For all her brilliance in debate and on the campaign trail, she fails the authenticity test for many and has "high negatives" in the polls. Many voters seem to want a fresh leader they can trust, rather than business as usual in what could become a 34-year Clinton-Bush dynastic cycle should she win in 2008 and be re-elected four years later.

So is it really all over for her?

Far from it. She is one of America's most ferocious and seasoned political battlers and, like John McCain, has made a big play in recent days of her foreign policy experience. She was quick to go on television telling voters how close she and Bill were to Benazir and how she has intimate knowledge of the politics of the sub-continent. She easily swatted away the Obama campaign's efforts to link her once-enthusiastic support for George Bush's war in Iraq to the continued threat from al-Qai'da in Pakistan.

What are the pollsters saying?

John Zogby, a dean among US pollsters, says: "It's about as close as you can get at the top in both races, but it's still very uncertain." Part of the problem in predicting the outcome is that about six per cent of likely caucus-goers in each party remain undecided. The latest Zogby/Reuters/C-SPAN poll of 899 likely Democratic caucus-goers and 902 likely Republican caucus-goers taken between Thursday and Saturday had Clinton with the slimmest lead over Obama and Edwards on the move. But with a margin of error of 3.3 percentage points and the unpredictability of the caucus process, turnout will be key.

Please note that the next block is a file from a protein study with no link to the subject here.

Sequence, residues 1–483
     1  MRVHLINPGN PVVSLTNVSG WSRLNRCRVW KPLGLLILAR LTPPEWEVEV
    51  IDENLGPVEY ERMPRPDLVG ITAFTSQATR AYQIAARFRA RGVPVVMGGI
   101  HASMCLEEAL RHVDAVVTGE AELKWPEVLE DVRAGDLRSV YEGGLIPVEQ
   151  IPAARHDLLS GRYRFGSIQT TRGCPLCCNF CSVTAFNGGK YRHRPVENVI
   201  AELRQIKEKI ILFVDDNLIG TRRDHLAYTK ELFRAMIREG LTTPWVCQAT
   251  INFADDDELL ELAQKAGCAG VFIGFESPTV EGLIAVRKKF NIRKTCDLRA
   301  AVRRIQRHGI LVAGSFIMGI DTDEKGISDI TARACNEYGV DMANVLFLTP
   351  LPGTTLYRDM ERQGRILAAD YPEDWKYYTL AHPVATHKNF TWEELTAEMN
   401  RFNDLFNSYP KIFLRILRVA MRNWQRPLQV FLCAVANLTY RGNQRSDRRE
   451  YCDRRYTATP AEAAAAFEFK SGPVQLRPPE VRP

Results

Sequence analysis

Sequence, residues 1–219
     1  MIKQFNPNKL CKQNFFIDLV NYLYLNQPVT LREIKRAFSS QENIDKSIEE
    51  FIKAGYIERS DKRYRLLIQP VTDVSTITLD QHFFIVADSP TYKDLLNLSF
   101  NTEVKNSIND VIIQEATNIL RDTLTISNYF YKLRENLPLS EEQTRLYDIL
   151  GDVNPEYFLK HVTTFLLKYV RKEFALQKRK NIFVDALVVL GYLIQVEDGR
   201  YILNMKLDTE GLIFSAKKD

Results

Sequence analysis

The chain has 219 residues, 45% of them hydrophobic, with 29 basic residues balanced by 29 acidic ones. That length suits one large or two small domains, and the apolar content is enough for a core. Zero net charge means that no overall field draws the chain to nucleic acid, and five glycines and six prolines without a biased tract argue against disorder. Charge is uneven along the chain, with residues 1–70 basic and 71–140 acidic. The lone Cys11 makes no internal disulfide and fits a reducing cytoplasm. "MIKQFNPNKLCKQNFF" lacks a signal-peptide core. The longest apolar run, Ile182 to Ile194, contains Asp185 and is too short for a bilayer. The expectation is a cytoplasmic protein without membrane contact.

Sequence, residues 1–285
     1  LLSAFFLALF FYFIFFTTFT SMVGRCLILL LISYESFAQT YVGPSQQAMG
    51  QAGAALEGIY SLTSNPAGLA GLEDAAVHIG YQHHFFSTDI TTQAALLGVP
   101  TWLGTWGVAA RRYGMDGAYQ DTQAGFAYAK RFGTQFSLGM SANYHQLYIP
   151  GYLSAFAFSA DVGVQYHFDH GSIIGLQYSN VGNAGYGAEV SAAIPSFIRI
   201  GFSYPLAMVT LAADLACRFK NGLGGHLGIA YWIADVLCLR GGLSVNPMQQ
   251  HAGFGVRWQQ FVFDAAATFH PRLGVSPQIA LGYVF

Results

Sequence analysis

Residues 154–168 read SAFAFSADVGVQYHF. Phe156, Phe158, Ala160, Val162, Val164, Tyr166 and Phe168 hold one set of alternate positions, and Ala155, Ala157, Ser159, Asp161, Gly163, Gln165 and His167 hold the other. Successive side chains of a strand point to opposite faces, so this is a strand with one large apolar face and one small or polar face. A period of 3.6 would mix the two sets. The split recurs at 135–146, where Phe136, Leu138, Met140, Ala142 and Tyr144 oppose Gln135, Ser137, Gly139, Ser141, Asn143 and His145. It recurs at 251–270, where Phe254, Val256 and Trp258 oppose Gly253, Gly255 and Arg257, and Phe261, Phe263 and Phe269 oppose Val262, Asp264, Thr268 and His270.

What kind of tactics are coming in to play?

True to type, the top two Republicans have gone negative on each other. Romney has broadcast ads that question Huckabee's honesty. Huckabee has compared Romney to the Seinfeld character George Costanza, who supposedly said, "Just remember, it's not a lie if you believe it" implying that Romney lied as fluently as Bill Clinton.

On the Democratic side, Clinton has had hubby Bill and mom Dorothy out on the trail and has flown in volunteers to drive elderly Iowans to the caucuses. She will broadcast direct to voters across the state on caucus night. Meanwhile Obama is using an army of young volunteers as well as the internet to galvanise young voters, sending out Facebook reminders, text messages and emails. Edwards meanwhile has the backing of the trades union movement.

Could this situation let in an independent candidate?

With the field so unsettled, the likelihood of a wild-card "third party" candidate entering the fray grows increasingly likely. New York's billionaire mayor Michael Bloomberg is reported to be increasingly enchanted with the idea of throwing his hat, (along with a hundred million dollars or so of his fortune) into the ring. Greybeards in both parties gathered in Oklahoma this week to encourage him to make a bi-partisan bid for the presidency.

Will Iowa prove decisive?


* Iowa is all about winnowing the wheat from the chaff and projecting a candidate into national prominence

* The momentum for the rest of the election is set by the long slog of Iowa's face-to-face style of retail politics. After the caucus, voters rarely get to see the candidates up close

* Bombarded by politics and polls over the holiday season, Americans are focused on Iowa and want a potential winner to emerge


* Iowa is followed so closely by New Hampshire and other primaries that the winners will not have time to generate momentum

* The electorate is hopelessly torn between making a clean break with the past and having an experienced hand on the tiller

* With 10 months before the presidential election, the parties are so focused on selecting their own nominee that it will not be until 5 February 'Super Tuesday' that the two main candidates emerge